1. Introduction

Mind-body intervention emphasizes the interaction among the brain, the mind and the body. The fundamental assumption is that individuals have internal ability to change their own thoughts and behaviors, and to enhance their emotional and physical health. The concept that the mind plays an important role in the improvement of health is a core component of traditional Chinese medicine that dates back at least 2000 years in China. With the emphasis that treatment should be holistic in nature including moral, spiritual and environmental factors, Chinese have developed different kinds of mind-body intervention including qigong, tai chi, relaxation training, thought training (e.g., Chan or Zen) and dietary modification.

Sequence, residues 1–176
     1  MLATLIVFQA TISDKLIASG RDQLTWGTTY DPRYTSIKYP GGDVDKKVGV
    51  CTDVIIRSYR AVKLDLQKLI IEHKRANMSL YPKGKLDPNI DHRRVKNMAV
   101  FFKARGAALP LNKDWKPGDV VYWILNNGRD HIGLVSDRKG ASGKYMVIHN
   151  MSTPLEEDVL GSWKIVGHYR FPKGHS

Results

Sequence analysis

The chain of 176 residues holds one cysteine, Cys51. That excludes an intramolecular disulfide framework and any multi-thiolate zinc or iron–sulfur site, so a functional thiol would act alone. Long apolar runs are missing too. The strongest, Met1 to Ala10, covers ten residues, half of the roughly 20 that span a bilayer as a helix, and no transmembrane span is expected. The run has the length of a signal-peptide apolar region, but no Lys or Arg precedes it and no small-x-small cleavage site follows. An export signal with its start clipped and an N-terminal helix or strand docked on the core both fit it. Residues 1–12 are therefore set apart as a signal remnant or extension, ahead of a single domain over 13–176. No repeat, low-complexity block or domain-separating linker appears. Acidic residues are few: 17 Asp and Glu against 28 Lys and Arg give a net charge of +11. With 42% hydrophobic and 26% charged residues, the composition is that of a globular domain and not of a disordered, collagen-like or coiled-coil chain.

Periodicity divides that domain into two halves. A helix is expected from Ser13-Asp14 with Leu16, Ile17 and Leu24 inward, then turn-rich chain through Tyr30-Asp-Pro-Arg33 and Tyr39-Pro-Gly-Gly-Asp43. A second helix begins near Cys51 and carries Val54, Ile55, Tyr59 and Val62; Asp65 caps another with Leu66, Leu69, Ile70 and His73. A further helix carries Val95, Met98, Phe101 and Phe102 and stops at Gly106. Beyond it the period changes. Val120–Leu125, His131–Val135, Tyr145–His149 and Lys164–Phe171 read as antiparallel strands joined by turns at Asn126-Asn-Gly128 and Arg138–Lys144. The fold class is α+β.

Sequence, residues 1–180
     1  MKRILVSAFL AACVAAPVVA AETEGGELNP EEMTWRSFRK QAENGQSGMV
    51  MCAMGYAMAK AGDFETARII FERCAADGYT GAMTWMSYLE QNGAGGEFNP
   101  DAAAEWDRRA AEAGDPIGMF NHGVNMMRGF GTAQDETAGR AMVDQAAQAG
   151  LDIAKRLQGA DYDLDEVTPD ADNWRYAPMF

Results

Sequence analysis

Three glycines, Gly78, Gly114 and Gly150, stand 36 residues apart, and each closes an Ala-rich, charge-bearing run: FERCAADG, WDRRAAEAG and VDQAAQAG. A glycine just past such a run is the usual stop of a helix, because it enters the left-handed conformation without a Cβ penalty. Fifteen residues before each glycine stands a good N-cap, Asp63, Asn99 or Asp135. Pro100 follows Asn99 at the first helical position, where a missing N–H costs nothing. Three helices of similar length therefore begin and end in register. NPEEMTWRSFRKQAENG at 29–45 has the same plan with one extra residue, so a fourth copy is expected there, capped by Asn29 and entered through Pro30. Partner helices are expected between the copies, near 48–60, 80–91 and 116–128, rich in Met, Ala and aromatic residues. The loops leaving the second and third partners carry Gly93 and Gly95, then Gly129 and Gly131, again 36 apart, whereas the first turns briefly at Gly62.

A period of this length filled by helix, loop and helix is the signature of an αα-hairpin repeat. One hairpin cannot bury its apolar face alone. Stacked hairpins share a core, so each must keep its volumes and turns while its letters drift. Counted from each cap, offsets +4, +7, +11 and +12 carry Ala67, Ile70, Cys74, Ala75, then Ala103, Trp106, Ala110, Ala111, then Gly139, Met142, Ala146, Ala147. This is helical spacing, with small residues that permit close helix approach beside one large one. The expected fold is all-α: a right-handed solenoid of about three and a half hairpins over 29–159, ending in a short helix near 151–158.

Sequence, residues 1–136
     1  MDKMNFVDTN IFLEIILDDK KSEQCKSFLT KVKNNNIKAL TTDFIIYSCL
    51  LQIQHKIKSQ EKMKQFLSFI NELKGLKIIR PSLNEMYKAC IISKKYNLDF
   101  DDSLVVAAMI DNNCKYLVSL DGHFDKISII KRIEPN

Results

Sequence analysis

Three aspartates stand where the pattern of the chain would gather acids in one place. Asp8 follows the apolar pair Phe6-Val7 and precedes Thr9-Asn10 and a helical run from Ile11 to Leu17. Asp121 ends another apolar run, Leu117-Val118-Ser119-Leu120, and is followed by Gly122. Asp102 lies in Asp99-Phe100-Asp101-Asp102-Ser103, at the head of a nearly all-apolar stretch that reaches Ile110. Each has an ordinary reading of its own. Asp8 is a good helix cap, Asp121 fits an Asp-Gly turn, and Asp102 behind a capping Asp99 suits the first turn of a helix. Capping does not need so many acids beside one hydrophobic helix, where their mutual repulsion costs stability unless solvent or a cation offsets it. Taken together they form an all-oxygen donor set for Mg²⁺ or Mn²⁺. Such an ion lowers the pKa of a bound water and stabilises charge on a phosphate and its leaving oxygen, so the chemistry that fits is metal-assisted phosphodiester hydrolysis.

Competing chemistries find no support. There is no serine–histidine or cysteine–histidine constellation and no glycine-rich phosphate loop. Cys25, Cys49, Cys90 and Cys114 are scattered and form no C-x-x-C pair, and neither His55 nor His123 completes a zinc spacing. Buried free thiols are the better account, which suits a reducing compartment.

Although mind-body interventions have been practiced for centuries in the East, Western countries have studied this approach more extensively than the East in the past 20 years. There have been scientific and clinical studies which demonstrated the therapeutic effects of mind-body intervention in clinical and normal populations [1]. In clinical practice, an increasing number of empirical studies have reported positive effects of mind-body training on different mental and physical problems, such as depression [24], anxiety [5], obsessive-compulsive disorder [2, 6], insomnia [7], chronic pain [8], tension headaches [9], hypertension [10, 11], cardiac diseases [12], type II diabetes mellitus [13], irritable bowel syndrome [14], cancer [15] and viral infection [16]. In a recent study conducted by Shapiro and colleagues [4], a 20-session Yoga (a form of mind-body intervention) program was found to have effectively elevated the mood and improved psychological well-being of patients with depression in partial remission. Apart from encouraging effects on mental [17, 18] and physical health [1922] in clinical samples, some empirical data have also suggested that mind-body training has a positive impact on cognitive, emotional and psychological problems in normal population [2330]. For instance, women who did mind-body training (i.e., Tai Chi) for 4 months showed significantly reduced anger and total mood disturbance, as compared with those who did aerobic exercises [31]. Another study showed that after 3 months of mind-body training, older adults had significant reduction in somatic and psychological depressive symptoms [24]. Similar effects were also observed on primary school children who demonstrated improved academic performance and reduced behavioral problems after 4 months of mind-body training [23].